Non-compete clauses or agreements prevent one of the contracting parties from competing with the other party in certain specified ways. It could, for example, restrict a distributor from acting as a distributor for competing products. Read Non-compete clauses for more information.
These types of restrictive covenants are generally designed to prevent a business from approaching the customers of another business in a bid to win their custom. In the case of a distributor, it may also be used to prevent solicitation of suppliers.
This is similar to a non-solicitation clause but goes a step further. As well as preventing any solicitation of customers, it also prohibits any dealings (eg even if a customer approaches the business which is the subject of a non-dealing clause, they still cannot trade with them).
Normally this would apply to a former employee who sets up a business and tries to poach another employee (ie induce them to leave their current employer and join them in their new venture). But this can equally apply to businesses which become heavily integrated with a client and decide they would like to take on a member of their staff.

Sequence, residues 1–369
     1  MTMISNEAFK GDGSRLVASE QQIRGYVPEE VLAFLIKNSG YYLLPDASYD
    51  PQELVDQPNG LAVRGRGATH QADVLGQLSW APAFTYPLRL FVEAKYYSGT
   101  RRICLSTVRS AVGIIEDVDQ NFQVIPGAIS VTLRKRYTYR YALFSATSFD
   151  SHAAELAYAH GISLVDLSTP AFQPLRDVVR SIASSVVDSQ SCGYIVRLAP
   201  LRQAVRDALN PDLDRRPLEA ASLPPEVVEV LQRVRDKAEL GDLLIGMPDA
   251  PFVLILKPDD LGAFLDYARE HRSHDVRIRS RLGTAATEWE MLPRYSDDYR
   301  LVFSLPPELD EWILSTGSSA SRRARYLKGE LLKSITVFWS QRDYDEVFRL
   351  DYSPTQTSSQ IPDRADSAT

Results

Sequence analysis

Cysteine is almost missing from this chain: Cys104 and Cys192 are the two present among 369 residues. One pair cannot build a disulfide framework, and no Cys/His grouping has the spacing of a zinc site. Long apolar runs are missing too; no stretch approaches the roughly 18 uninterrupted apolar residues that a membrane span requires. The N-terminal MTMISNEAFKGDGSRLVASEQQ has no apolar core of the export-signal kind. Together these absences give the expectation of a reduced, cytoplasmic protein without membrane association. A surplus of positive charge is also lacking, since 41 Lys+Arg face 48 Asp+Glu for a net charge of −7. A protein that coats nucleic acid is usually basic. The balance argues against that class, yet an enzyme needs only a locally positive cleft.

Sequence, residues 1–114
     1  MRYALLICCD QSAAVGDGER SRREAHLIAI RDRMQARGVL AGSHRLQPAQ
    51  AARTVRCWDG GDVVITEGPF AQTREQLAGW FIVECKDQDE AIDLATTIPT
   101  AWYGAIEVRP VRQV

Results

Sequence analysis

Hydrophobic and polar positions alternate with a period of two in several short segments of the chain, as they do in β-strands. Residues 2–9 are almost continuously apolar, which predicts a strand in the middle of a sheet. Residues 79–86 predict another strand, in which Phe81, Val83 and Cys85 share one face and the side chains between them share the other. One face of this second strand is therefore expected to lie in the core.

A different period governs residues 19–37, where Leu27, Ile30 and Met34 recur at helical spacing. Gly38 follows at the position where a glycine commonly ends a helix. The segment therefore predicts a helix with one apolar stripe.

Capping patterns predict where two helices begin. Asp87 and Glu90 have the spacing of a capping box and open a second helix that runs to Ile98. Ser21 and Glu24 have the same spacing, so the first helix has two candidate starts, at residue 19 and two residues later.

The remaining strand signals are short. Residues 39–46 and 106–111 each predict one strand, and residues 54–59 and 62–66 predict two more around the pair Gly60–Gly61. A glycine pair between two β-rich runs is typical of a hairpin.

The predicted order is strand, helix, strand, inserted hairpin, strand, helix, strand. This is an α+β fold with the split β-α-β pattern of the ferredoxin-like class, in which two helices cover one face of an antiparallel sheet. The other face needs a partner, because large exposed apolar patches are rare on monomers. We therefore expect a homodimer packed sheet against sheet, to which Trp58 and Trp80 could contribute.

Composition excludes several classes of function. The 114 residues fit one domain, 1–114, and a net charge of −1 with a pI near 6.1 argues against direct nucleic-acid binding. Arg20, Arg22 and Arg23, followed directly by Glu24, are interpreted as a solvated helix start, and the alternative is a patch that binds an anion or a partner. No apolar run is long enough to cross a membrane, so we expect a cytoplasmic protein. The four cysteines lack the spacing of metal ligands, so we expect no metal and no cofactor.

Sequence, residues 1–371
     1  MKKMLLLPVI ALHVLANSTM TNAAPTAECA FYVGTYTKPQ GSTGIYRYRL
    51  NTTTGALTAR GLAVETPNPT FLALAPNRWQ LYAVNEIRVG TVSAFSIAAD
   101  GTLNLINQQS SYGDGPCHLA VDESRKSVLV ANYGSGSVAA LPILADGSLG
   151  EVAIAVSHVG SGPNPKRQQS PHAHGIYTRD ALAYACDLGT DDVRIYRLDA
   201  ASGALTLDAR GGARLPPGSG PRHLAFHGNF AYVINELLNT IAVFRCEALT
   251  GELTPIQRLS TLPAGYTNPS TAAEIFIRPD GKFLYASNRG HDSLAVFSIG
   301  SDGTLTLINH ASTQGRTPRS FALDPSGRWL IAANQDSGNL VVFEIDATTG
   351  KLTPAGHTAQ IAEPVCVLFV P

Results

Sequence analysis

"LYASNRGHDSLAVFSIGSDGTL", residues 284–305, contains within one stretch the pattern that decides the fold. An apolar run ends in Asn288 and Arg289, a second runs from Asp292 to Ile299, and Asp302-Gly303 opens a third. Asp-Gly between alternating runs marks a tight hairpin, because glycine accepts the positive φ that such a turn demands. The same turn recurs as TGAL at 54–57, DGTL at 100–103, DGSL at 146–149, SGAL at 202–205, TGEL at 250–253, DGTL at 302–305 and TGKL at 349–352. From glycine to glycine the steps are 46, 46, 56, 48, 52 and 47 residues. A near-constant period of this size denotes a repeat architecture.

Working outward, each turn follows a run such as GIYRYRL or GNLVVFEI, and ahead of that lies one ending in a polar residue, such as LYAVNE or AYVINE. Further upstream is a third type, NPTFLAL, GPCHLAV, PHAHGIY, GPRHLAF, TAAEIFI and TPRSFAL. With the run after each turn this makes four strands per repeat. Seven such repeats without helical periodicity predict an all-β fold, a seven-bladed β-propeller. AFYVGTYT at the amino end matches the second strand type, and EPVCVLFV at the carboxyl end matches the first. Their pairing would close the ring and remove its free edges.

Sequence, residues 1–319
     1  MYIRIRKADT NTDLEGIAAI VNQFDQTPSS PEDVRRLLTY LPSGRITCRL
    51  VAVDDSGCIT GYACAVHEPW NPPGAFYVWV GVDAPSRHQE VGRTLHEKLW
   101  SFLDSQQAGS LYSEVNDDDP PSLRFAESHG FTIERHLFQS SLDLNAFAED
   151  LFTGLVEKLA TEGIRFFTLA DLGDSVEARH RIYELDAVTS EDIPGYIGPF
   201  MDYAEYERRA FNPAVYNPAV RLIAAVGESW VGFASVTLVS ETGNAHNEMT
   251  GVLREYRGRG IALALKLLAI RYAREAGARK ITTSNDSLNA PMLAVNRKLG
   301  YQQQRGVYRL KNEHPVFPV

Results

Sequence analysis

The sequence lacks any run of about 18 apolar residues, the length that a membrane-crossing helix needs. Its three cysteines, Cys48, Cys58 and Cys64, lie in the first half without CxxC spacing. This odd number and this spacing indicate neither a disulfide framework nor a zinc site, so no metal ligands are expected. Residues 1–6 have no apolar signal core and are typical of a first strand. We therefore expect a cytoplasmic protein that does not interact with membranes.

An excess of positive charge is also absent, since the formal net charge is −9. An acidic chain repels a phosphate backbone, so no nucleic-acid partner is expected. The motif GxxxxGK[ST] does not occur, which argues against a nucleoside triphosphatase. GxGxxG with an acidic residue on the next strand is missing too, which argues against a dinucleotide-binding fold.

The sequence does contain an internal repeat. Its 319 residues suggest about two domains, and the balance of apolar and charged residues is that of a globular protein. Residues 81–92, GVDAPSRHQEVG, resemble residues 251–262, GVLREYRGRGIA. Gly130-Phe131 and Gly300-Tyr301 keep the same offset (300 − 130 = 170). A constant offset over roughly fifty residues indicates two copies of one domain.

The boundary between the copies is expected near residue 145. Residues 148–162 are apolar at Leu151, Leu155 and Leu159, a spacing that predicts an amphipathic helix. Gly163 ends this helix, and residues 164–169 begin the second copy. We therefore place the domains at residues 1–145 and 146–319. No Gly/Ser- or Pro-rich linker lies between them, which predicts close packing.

These types of clauses are generally used where confidential information is exchanged. They prevent one party from going directly to the other party’s suppliers or clients, with the intention of bypassing (or circumventing) them and contracting directly with the business partners. For more information, read Non-circumvention clauses.
Confidentiality (in Scotland)
These types of restrictive covenants are generally designed to prevent an individual from divulging trade secrets or other confidential information to their new employer or a third party.